Institution Information - Middlefield House

Parish/County: Old Machar, Aberdeen, Aberdeenshire

Alternative Names: Upper Middlefield House

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Locating Records for this institution

For people admitted to Scottish Mental Health institutions from 1 January 1858 a record usually survives in the ‘Notices of Admissions by the Superintendent of the Mental Institutions’ which are held by the National Records of Scotland. We are creating an index to these records and can assist you in searching the unindexed period. Search our index here or read more about the project here.

Records kept by this private institution do not seem to have survived. If you learn of anything concerning the survival or whereabouts of these records, please contact us.

Text from 1857 Royal Commission Report

“MIDDLEFIELD HOUSE, ABERDEEN; Dr. Poole, Proprietor; Visited 26th July 1855.

This house is situated about two miles from Aberdeen. It was established by Dr. Warwick about twenty years ago; and, on the death of his widow, was carried on by Dr. Poole, formerly physician to the Montrose asylums, who has a nineteen years' lease, and pays a rent of £30 a year.

It stands on an elevated situation, and consists of a double two-storied house, having a front of three windows. It contained, at the date of our visit, 10 patients, viz., 8 males and 2 females, but it is capable of accommodating 15. The average rate of payment is £1, Is. a week; £125 per annum is the highest present rate, and for this sum the patient has a parlour, a bedroom, and a third small room. The lowest rate is £40, except in the ease of an imbecile boy, who, for special reasons, is received for £12 a year.

There are about two acres of land, principally laid out as garden. The house affords a good deal of accommodation. There are six rooms on the ground floor; eight rooms, besides storeroom, on the upper floor; and six rooms in the attics. On the ground floor are the dining-room and drawing-room, and the day-room for gentlemen. The bedrooms are comfortably and fully furnished; and, on the whole, the comfort of the patients seems well attended to. At present two gentlemen dine with Dr. Poole's family; the rest dine together. One lady takes her meals with the younger members of the family, and the other eats alone in her room, living on bread and milk, which is the only food she takes.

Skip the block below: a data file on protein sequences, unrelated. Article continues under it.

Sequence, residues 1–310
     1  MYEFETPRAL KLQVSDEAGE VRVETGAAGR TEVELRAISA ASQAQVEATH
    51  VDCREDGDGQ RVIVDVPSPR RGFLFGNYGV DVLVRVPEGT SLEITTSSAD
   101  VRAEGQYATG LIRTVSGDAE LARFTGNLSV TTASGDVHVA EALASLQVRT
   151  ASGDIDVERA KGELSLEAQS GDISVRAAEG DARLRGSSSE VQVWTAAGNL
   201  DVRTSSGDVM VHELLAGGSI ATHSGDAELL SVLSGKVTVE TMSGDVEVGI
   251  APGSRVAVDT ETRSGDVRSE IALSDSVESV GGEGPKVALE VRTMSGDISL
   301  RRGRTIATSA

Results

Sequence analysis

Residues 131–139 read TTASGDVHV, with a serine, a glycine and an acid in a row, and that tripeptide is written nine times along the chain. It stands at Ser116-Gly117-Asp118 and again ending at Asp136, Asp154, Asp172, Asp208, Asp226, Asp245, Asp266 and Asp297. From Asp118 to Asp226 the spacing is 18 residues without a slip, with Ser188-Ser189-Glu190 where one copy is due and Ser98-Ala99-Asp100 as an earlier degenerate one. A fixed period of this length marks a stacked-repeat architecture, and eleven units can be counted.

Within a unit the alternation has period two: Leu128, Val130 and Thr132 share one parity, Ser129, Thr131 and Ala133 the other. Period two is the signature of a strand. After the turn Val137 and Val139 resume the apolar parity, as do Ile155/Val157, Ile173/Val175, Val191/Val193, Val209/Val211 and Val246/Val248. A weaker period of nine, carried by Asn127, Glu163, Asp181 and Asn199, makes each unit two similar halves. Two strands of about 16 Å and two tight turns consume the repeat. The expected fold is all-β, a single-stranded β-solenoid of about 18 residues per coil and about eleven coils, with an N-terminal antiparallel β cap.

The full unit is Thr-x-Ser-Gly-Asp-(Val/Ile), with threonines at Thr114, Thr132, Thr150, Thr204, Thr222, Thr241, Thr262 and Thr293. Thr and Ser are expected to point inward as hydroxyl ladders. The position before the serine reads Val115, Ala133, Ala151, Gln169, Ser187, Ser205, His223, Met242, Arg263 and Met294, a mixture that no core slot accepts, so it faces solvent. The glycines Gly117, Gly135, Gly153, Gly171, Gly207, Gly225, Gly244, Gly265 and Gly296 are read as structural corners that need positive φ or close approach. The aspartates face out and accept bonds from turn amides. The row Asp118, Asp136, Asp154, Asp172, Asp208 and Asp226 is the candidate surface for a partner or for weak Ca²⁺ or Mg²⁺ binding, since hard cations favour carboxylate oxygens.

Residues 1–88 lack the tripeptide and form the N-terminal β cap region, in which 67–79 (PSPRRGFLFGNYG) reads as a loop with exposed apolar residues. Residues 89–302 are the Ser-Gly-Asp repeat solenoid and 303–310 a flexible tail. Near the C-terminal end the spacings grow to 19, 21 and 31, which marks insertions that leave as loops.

Mechanical restraint is occasionally used, but no record of it has been kept since August 1850. In an outhouse is a seclusion-room, lately erected. It is flagged, but the floor is covered with matting and a carpet. It is habitually occupied by the imbecile lad already mentioned, except when required for any of the other inmates. The lad is then put into a small room adjoining the laundry.

There is one male attendant, who has wages equivalent to £25 a year; but he is feeble, both mentally and physically, and not to be relied on in an emergency. Dr. Poole, too, is an old man, so that the establishment is not well adapted for the reception of acute cases. There are two female attendants at £6 a year each. Mrs. Poole and her daughters assist in the management of the house.

The patients occasionally go beyond the limits of the asylum with the attendant, and one sometimes goes out fishing. A former patient, a clergyman, preached in a neighbouring church daring his convalescence. Every patient has washing apparatus in his room, and there is a bath in an outhouse, and a douche. The last is said to be occasionally found useful. The garden is pleasantly laid out, and contains shady walks, bowling-green, &c, and abundance of flowers; but is not very tidily kept. From the upper walk of the garden there is a good view of the country. There is also a carpenter's shop, with a turning-lathe. Dr. Poole has scriptural readings on Sundays.

The Sheriff visits twice a year, accompanied by the procurator fiscal and a medical man. Patients are admitted on one medical certificate. The Madhouse Register is kept, and is sent annually to the Sheriff.”

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